17. HI Ann, Gorgeous sweet potato vines. Are they perennials?
    I have two boxwoods on my front porch and they do not like their planters.
    Learning as I go… laura in Colorado

  18. Love the sweet potato vines…. they come in a dark purple color as well.
    Take some cuttings and root in vases over the Winter and then you’ll have starts for Spring. They love the heat!

  19. Hi, you just highlighted my favorite plants. We have at least 10 potato vine plants. I’m going to try and save the ‘potatoes’ over the winter and see if I can start them in the greenhouse in Spring. Only detriment is the bunnies like them, and keep some of ours trimmed. LOL. Lovely photos!

  20. I have always had great luck with sweet potato vine, no matter where I plant it! I have had a very disappointing experience with sunpatient’s this year as well. At first, beautiful. After a heavy rain one was waterlogged and never recovered. It will go to the plant graveyard today. The others are OK, not full despite much care. Oh well, next year!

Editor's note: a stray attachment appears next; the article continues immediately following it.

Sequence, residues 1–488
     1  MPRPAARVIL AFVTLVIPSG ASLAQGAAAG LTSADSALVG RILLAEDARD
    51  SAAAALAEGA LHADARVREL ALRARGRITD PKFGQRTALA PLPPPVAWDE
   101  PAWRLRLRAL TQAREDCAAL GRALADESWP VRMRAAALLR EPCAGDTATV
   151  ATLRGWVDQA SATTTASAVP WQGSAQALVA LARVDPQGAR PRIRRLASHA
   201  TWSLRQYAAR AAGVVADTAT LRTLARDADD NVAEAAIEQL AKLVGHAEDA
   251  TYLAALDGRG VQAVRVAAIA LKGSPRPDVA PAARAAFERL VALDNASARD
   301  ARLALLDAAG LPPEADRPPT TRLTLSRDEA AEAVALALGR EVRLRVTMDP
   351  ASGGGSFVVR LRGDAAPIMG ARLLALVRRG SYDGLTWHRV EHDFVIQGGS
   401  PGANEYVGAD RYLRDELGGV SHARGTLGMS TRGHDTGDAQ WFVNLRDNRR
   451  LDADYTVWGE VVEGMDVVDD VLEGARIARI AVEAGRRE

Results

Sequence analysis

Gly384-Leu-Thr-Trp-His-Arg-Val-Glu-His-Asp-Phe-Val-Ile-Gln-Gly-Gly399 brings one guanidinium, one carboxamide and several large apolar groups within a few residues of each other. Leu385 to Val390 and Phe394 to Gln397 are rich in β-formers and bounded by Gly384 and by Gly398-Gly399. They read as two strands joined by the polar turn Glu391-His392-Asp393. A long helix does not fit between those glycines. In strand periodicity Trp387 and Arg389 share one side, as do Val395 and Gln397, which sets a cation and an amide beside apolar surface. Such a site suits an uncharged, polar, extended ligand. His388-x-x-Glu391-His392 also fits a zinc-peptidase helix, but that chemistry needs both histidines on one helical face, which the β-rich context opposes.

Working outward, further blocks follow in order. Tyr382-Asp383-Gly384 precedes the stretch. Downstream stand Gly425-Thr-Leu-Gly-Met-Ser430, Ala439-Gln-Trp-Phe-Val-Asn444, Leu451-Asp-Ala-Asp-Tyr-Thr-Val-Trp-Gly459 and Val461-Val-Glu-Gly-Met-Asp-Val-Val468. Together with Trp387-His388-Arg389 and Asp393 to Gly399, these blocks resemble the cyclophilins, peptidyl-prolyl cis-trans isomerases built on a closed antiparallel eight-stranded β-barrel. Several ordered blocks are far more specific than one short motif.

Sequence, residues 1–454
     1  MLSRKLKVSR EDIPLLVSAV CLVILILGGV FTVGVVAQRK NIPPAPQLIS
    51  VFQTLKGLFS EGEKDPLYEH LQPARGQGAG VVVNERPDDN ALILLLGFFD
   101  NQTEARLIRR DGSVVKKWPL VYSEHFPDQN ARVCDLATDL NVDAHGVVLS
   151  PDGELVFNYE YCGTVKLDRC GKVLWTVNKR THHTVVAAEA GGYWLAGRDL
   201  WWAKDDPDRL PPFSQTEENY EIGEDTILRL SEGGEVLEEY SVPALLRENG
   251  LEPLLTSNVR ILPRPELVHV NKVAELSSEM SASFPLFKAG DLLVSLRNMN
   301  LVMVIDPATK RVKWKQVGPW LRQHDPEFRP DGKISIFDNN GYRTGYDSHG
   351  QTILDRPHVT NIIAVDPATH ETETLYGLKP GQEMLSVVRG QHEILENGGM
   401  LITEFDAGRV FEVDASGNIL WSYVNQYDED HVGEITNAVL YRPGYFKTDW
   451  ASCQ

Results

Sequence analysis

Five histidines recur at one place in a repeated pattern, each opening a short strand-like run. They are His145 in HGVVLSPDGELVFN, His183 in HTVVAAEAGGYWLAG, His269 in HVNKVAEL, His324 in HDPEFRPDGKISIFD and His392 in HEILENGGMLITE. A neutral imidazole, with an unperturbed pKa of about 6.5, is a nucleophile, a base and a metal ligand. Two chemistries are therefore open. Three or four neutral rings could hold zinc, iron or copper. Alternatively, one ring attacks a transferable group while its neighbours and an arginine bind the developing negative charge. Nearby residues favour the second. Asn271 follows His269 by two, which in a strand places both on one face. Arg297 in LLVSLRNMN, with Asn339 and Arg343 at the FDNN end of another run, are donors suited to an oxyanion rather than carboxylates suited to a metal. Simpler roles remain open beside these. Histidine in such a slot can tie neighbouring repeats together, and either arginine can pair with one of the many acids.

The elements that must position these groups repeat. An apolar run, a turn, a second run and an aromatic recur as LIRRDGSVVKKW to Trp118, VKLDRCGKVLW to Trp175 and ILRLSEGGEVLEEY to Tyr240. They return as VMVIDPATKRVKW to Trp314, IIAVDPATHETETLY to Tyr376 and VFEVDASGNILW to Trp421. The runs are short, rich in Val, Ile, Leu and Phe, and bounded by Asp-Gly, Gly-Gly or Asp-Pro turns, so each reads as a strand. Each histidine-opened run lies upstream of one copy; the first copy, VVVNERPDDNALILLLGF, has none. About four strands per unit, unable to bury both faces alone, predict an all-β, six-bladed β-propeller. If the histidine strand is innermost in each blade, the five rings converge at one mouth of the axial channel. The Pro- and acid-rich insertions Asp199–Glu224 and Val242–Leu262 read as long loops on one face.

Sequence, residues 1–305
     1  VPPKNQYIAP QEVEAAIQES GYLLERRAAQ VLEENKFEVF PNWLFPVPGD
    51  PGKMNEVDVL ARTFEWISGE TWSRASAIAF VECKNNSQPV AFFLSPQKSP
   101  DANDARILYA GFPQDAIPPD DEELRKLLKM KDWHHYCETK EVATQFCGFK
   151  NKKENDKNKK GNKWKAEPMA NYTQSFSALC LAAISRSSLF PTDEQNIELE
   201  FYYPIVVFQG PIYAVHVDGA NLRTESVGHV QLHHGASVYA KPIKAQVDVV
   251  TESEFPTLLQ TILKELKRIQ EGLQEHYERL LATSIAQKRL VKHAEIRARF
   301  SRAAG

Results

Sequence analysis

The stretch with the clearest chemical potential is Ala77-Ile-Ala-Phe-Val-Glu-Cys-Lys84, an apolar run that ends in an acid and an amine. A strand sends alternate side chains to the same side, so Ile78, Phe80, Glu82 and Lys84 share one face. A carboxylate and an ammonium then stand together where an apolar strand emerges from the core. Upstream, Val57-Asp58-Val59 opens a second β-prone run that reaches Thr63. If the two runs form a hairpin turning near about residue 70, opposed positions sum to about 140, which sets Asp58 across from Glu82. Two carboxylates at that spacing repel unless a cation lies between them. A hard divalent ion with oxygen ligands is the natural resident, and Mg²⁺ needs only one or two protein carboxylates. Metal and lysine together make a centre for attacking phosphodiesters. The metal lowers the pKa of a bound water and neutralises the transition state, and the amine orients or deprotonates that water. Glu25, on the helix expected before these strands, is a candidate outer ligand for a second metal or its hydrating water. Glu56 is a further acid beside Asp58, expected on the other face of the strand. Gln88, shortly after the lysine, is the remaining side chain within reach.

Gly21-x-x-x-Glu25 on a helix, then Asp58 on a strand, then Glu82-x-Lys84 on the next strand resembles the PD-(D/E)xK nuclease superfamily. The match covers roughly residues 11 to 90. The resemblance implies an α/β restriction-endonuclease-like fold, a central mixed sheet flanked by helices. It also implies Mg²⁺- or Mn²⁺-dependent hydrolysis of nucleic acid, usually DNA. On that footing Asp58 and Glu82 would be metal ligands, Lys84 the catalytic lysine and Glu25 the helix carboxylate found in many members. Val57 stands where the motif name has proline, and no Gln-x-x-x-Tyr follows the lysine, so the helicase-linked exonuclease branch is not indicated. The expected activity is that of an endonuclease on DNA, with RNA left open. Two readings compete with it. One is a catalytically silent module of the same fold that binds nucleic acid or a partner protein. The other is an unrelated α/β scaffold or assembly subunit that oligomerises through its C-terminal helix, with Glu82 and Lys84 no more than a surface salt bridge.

21. I saw your post in May And copied your idea. Mine did the same thing! My sunpatiens have finally begun showing up, but the sweet potato vine has been growing like a weed! I really like their color as well, and maybe I will try the same thing with mums this fall.

  22. Your planters look great. This is the first year I did not use Sweet Potato vine in my planters somewhere in my yard,due to much restricted nursery shopping. Be aware they have a large root system and even form a real sweet potato or two. You may want to remove them before doing your fall containers as they tend to get a bit raggedy even with pruning. I love using the lime green variety with red begonias or caladiums.
    Looking forward to cooler autumn weather.